Travel India: To give or not to give: the dilemma of begging

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The Independent Culture
AT EIGHT in the evening at Agra railway station, platform two was a muggy, dirt-coated cradle for the wealthy foreigners daytripping to the Taj - each waiting impatiently for their delayed air-conditioned passage back to Delhi - and the less well-off Indians forming strategic plans for how they were going to jostle their way on to the already crammed overnight express train to Bombay.

The little boy shuffling towards me on the station platform must have been about 10 or 11 years old. At first glance, he seemed to be wearing giant slippers. The reality came as a shock. The "slippers" were his own diseased feet, grotesquely blown up to about four times their proper size. My first instinct was to turn and skulk off to the other end of the platform but conscience kicked in. I delved into my wallet for a few rupees as he started to drag himself with tremendous effort my way. The next minute though, I was full of regret. Had I done the right thing or was I just encouraging him to live with a somewhat lucrative disease, rather than try to get it cured?

Giving money - or food, pens, or any other donation - to beggars in an overseas country is a tricky issue. The general consensus is not to because you encourage a life of begging rather than of education and employment. The issue is further complicated by the fact that children might not get to keep the money you give them, as it is often filtered straight into the hands of a threatening parent or, in some cases, pimp. And you are adding to the hassles of that country for the next tourist that comes along, as they will inevitably be pestered more ferociously.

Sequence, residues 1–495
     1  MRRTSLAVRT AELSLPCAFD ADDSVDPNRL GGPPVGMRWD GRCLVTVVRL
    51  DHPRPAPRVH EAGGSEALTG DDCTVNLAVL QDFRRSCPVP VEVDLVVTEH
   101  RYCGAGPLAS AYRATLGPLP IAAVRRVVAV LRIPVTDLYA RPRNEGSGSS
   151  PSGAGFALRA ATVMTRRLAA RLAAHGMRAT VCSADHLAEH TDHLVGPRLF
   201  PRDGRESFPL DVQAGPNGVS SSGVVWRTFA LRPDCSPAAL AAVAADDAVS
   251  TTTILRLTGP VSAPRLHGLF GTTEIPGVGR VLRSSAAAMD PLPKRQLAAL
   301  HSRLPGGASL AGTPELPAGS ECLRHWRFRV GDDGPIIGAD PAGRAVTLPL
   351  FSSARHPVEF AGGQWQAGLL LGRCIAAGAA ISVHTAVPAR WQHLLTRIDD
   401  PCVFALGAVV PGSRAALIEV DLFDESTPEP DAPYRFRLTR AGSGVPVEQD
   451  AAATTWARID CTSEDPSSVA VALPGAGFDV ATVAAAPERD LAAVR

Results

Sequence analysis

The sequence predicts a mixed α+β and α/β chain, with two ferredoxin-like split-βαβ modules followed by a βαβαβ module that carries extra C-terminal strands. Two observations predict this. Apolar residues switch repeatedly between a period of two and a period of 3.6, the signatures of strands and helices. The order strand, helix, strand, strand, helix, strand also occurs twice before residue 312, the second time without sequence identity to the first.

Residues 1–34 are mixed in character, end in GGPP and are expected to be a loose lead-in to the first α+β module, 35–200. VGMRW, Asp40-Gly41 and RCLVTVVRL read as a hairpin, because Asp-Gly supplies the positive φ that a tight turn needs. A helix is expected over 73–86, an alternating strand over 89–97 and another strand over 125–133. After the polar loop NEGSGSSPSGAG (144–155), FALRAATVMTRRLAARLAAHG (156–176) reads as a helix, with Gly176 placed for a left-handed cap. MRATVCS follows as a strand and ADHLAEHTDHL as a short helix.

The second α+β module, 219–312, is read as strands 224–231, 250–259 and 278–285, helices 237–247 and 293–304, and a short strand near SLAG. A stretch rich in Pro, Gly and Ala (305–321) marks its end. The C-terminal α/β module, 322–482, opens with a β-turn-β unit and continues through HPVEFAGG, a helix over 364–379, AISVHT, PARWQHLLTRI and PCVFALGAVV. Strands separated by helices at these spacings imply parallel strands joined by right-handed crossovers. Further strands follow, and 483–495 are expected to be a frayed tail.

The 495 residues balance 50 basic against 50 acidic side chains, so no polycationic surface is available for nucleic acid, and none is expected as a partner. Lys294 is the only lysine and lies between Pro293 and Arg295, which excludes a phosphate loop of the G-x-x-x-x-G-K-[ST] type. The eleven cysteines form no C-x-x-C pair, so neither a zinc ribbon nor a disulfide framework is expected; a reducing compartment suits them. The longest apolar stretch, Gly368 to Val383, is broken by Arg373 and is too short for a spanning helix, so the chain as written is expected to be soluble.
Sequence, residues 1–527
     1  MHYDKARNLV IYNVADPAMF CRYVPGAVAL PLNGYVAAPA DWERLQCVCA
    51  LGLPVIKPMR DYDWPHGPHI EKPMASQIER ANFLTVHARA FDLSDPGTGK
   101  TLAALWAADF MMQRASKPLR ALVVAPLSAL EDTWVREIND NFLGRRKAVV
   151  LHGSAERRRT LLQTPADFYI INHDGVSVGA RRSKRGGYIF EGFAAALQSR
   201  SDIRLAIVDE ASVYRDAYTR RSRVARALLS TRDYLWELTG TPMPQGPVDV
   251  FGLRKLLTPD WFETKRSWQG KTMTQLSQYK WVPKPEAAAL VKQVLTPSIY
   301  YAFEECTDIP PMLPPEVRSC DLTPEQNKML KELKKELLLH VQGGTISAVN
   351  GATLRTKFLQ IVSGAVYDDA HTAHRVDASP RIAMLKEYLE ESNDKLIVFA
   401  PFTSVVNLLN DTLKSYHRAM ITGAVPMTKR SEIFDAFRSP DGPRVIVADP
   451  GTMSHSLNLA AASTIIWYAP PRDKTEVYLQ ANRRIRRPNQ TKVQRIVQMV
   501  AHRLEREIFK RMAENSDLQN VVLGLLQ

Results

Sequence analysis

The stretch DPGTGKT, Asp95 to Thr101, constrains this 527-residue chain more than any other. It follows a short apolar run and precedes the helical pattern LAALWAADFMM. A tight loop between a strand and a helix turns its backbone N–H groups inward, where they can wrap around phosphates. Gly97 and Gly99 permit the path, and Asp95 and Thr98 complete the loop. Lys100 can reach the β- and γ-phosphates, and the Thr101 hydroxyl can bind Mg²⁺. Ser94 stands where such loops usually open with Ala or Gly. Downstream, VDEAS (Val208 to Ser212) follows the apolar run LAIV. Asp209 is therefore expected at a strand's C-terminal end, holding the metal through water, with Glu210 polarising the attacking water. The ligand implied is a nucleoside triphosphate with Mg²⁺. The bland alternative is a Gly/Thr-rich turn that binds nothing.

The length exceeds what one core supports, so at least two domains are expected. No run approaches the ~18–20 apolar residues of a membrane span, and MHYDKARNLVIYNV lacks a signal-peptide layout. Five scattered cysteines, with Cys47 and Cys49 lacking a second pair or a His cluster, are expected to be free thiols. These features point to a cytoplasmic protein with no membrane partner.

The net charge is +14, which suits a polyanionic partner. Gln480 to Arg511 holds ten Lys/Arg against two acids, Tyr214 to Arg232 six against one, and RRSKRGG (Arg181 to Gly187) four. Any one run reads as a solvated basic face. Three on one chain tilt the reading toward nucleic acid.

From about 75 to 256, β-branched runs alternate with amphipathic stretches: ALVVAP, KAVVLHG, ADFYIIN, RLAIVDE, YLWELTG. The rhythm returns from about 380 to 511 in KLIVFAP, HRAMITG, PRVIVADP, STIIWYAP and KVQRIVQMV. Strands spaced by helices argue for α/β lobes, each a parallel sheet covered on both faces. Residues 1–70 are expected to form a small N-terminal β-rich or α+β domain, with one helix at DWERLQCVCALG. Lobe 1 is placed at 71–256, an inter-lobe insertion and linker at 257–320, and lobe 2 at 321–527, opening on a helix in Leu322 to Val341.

This view is reinforced by Sue Wheat of the charity Tourism Concern, who advises that "giving money to children who beg often causes more problems than it solves because it distorts the local economics and generates an unhealthy dependency on tourists". She also recommends holding back from non-monetary donations to children, as "however fun they may seem, some gifts have surprisingly serious effects. There have been," she adds, "cases of hepatitis spread by infected children blowing up balloons - given to them to play with by Western tourists - and then passing those balloons on to their friends to blow up a bit more."

So, if you decide not to give, what can you do to help these people more productively? Ms Wheat advises giving money to local charities, self- help projects, or donating useful items such as pens to a local school. When booking your trip, you should also look for tour operators who give a certain amount back to relevant charities in the country you will be visiting.

Butterfield's Indian Railway Tours (01262 420569) is one such travel company. Ashley and Jane Butterfield have lived in India for several years and their tours aim to make clients aware of the realities of life in India and Pakistan. The tours are run on train carriages and, since all meals are cooked on board, any spare food is given away to local people. Some money from each tour is also put towards the Butterfield's various projects. As Ashley explains, "just giving money doesn't work. We would rather provide food or hospital treatment for particular families". But he adds: "as tourists, you have to make an instant judgement and, if you want to give, then you should."

Tourism Concern (0171-753 3330) costs pounds 18 to join (pounds 9, unwaged)